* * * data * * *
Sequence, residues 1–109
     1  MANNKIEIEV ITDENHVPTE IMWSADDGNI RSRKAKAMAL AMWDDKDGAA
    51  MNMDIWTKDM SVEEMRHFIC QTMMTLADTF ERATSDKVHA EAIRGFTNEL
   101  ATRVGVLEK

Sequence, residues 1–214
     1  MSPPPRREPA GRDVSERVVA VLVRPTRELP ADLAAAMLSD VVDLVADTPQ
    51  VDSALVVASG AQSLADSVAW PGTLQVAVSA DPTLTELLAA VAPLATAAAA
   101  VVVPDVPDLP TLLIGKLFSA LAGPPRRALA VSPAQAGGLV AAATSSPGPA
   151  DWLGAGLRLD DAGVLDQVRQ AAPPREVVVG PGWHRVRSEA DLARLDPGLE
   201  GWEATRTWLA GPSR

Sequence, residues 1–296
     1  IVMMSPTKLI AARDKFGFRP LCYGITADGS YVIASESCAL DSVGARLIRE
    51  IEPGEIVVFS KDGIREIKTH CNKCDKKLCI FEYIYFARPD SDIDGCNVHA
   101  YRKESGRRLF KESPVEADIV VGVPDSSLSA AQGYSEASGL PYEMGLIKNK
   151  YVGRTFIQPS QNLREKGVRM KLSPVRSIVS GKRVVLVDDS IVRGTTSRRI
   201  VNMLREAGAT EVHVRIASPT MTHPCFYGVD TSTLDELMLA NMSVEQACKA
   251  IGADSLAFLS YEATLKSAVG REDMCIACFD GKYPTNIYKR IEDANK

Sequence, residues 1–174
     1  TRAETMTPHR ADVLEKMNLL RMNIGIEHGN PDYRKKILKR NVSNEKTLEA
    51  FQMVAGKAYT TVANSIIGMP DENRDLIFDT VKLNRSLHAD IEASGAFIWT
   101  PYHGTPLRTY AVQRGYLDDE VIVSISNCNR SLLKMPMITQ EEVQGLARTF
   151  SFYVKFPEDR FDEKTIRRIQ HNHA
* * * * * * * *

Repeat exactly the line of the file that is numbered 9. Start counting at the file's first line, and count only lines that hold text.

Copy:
   151  DWLGAGLRLD DAGVLDQVRQ AAPPREVVVG PGWHRVRSEA DLARLDPGLE